Curious George
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Curious George commented on 07 Sep 2008
I posted this mini-review to an Ars Technica forum (http://episteme.arstechnica.com/eve/forums?a=tpc&s=50009562&f=8300945231&m=392003234931&r=831007434931#831007434931) but thought others might be interested so I'll copy it here. I didn't give it a rating only because it's Beta.

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I've been using this since it first came out (i.e., for a few days) and it's been working just fine.

I followed the "Quick Start" instructions and it worked fine. Kind of cool the way it verified my exchange account setup and determined my account's folders. Gives me some confidence.

I only have a few hundred contacts (now) combined so it's not a huge test. It took a couple of minutes to do the initial sync. I then changed an item via OWA and did a manual sync then changed one via Address Book and did a manual sync then changed one in both and did a manual sync then changed the same entry in both and did a manual sync (checking the results each time, of course). Everything worked, including asking me to indicate which one I wanted when I changed the same one at both ends. I see that it even gave me the option to worry about resolving that issue later, but I didn't try it ... nice.

I had initially used the menu to open the engine log so I could watch it work. After the initial sync I kept it open for a day or so. Just to see it work, I originally had it set to sync every 30 minutes but have since changed it to every hour. I don't change contact info very much and figure I can do a manual sync if I need to.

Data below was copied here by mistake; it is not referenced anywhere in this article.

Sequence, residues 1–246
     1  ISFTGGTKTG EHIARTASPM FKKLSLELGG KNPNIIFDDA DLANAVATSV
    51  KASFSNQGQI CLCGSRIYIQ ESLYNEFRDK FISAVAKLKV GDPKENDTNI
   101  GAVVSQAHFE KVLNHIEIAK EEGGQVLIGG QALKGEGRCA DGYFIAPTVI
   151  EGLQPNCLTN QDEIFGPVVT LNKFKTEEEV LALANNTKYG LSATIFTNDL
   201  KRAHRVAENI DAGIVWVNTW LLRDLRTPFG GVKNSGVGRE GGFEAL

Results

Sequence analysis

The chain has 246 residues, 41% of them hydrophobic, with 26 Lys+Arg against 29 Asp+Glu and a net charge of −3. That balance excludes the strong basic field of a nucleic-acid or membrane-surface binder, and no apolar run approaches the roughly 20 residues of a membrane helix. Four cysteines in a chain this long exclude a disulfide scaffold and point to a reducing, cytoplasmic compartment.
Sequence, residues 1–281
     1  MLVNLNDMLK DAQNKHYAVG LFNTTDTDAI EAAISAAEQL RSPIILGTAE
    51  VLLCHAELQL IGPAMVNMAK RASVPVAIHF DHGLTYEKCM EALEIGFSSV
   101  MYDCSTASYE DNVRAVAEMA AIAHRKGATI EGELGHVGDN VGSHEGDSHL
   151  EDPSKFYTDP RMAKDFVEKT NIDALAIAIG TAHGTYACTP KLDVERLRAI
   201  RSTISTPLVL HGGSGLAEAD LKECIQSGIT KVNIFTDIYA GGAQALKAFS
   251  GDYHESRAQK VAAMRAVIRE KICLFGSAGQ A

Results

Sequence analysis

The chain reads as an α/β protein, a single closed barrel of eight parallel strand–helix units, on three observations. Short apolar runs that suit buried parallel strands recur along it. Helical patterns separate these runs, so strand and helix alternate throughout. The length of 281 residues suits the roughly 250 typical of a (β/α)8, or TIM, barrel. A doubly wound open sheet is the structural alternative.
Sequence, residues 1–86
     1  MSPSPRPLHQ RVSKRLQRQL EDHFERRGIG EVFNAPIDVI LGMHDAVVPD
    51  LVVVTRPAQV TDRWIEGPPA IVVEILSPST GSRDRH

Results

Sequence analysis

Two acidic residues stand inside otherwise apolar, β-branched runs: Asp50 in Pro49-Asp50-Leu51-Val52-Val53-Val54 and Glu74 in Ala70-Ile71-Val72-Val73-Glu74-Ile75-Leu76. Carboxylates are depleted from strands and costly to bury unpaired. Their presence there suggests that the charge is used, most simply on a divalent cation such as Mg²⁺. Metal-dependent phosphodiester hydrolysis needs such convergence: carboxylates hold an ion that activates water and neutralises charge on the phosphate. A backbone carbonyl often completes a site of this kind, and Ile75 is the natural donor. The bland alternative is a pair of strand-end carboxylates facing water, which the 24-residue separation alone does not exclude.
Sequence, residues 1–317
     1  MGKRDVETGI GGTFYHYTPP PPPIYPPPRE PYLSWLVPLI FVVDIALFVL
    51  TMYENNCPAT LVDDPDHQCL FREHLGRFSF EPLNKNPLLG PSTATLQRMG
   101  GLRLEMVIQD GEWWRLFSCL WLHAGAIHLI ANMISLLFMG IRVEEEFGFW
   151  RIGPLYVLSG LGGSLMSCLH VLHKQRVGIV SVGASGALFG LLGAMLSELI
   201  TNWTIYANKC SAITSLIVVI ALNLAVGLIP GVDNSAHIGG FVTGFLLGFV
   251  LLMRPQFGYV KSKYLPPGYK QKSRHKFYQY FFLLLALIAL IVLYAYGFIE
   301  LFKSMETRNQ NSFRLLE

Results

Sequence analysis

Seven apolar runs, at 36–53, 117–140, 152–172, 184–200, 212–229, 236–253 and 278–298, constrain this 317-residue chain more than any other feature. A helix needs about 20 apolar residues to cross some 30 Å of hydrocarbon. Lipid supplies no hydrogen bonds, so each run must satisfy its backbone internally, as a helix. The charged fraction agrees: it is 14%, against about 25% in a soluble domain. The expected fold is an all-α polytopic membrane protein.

I also did a simple test where I cut off the network access to see what would happen when it tried to sync. In the error thing, it indicated a normal error status. When I selected the error-status menu entry, it brought up its error viewer. The error message indicated that the connection had failed and that the sync would be cancelled ... again, nice.

I liked the idea that it didn't pop up an error just because the network wasn't available. They seem to have thought this all out. The error detail's advice could be improved since it wasn't really a problem as the advice might lead you to believe, but they did categorize it correctly (according to their documentation on the categories and their meaning ... oh yeah, I did read the doc, eventually). I also checked the engine log and noticed that it logged the same failure and referred me to the error viewer.

At this point, it's just running and I hardly ever notice it any more. I'm interested to see where this goes, but "so far so good."
[Version 0.9]



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Curious George reviewed on 03 May 2005
This program is great! I've wanted something like this for quite a while but couldn't find anything that was easy to use. Tried TripWire, but that was a nightmare.

I found that this program was easy to use right off. I just dropped a few folders onto the Folders to Analyze window, clicked the Analyze button and ... everything was reported as new, of course. I checked out the date filters and name search and they seemed to work properly (and quickly) so I updated the history and did some messing around.